Soldier, young uncle both gave lifesaving organs
By Nick Ferraro | Twin Cities Pioneer Press
Jill Stephenson lost her son to war 18 months ago, but she is keeping his legacy alive.
Stephenson's son, Cpl. Benjamin Kopp, a 21-year-old Army Ranger from Rosemount, died of injuries he suffered in Afghanistan. After he was taken off life-support, his heart was transplanted into an Illinois woman.
Kopp's ultimate sacrifice has put his mother at the forefront of advocacy for organ donation — a role she cherishes. Stephenson's work has taken her across the country to speak about the importance of being an organ donor.
"It really helps me with healing, because I'm helping other people," said Stephenson, of Rosemount. "It's something that I never could have foreseen happening in my life."
On New Year's Day, Stephenson and her mother, Mary Barnes, will be in Pasadena, Calif., for the Rose Parade. Kopp and Stephenson's brother, J.T. Burud, who died at age 11, are among 60 organ donors who will be honored on the Donate Life Float.
Earlier this month, Stephenson and Barnes were in Pasadena to help create "floragraphs" of Kopp and Burud to be featured on the float.
"I am just touched, and so is my mother, to have our sons being recognized together," Stephenson said.
Kopp grew up knowing the importance of organ donation. On July 15, 1982, Burud was hit by a car while trying to cross Minnesota 100 in St. Louis Park. Ten days later, the boy's family decided to take him off life support and donate his organs.
"A few months went by, and we got a letter from the family of the recipient who received my brother's kidney," recalled Stephenson, who was 15 at the time. "I remember the feeling it gave us to know that someone else was living because of this."
Nearly 27 years later — July 10, 2009 — Kopp's Ranger unit attacked a Taliban safe haven and was involved in a firefight that lasted hours, killing several Taliban. Kopp saved six of his fellow Rangers but was shot in the knee. With an artery severed, his blood pressure plummeted, damaging his brain. He died eight days after being taken off life support.
But his passing opened the door for a new kind of heroism.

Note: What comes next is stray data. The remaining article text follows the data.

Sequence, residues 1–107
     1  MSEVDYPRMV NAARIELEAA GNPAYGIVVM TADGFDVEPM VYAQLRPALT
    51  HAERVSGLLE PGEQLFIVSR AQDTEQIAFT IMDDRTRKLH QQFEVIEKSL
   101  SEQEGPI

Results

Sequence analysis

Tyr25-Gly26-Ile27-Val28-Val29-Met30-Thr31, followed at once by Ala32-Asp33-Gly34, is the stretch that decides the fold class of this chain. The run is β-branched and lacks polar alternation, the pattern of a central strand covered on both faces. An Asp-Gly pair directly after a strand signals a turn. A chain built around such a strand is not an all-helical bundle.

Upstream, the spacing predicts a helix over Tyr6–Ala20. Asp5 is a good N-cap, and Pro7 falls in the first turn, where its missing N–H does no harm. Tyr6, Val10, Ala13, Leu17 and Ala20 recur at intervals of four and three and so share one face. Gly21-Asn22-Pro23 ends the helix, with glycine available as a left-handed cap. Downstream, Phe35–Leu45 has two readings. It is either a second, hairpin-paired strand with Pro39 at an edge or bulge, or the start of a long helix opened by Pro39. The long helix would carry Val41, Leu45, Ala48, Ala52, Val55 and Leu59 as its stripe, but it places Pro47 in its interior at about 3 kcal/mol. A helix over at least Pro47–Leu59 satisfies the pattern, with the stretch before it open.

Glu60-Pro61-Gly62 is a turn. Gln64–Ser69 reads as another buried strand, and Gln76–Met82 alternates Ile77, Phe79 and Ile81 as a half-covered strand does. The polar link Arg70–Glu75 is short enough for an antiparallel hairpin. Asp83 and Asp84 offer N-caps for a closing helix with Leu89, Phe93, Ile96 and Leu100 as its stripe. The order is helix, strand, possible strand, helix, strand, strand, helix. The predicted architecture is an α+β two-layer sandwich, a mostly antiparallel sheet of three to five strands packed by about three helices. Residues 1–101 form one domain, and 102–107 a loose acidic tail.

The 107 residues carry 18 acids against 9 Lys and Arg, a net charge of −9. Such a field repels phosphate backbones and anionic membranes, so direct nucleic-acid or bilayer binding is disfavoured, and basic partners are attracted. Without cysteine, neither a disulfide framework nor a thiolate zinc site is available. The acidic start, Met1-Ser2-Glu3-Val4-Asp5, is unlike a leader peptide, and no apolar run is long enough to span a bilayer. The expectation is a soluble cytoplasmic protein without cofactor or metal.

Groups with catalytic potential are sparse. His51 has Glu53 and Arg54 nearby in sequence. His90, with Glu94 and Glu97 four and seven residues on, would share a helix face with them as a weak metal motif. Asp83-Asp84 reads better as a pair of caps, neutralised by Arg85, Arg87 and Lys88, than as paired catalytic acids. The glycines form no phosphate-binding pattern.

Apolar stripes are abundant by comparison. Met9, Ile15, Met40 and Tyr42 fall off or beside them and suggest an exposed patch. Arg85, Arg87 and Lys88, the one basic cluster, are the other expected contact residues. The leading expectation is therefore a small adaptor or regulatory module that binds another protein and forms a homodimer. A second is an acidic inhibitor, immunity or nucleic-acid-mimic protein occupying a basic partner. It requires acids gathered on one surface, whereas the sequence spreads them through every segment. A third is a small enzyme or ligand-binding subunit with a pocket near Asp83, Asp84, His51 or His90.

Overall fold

Two days later, his heart was implanted into Judy Meikle, a 57-year-old Winnetka, Ill., resident who was dying of a congenital heart defect and was on the transplant waiting list. Meikle also happened to be a friend of Stephenson's first cousin, who lives in the Chicago area.
Stephenson communicates often with Meikle. For Thanksgiving, Stephenson went to Illinois to have Thanksgiving dinner with her.
"She's doing great," Stephenson said. "She has been welcomed as a part of my family down there."
Kopp's tissue, bone and organs, including kidneys, liver and pancreas, helped up to 75 lives, Stephenson said.
"And that's just the physical people you can account for," she said. "It doesn't include the people whose lives Ben affected and his story affected and who have now become organ donors. They'll save lives going forward."
More than 28,000 lives are saved each year in the U.S. through organ donation, giving hope to the more than 108,000 people awaiting a life-savingtransplant, according to Donate Life America.
It is rare for two people from one family to successfully donate organs, said Rebecca Ousley, a spokeswoman for St. Paul-based LifeSource, which is co-sponsoring the trip to Pasadena.
"It's an incredibly rare thing for a person to be able to be an organ donor because of the manner in which a person has to die," Ousley said. "Very few of us have the precious opportunity to be an organ donor, so I do think it is pretty incredible that two people in one family had that same opportunity and were able to save lives."
Stephenson called her brother's story of organ donation and that of her son "a beautiful example of something coming full circle."
Earlier this month, she returned to Walter Reed Army Medical Center in Washington, D.C., for the first time since her son was taken off life support. Dr. Edward Falta, chief of the hospital's organ transplant service, asked Stephenson to share her story with physicians and nursing staff.
"That was really special," she said. "There were definitely some faces I recognized."
She said the magnitude of what she accomplished did not hit her until afterward.
"I try and keep my shoulders back and my chest out and chin up while I'm somewhere speaking," she said. "I want to be able to articulate and share my story with these people, but it's something that hits you after you have time to decompress a little bit."
This year, Stephenson also would like to provide support to family members whose loved ones were killed in action. She said her work could include visiting with a family and maybe developing a long-term relationship with them.
"I had people who did that for me," she said. "So I know it's helpful in any traumatic situation to speak to other people who understand exactly what you're going through."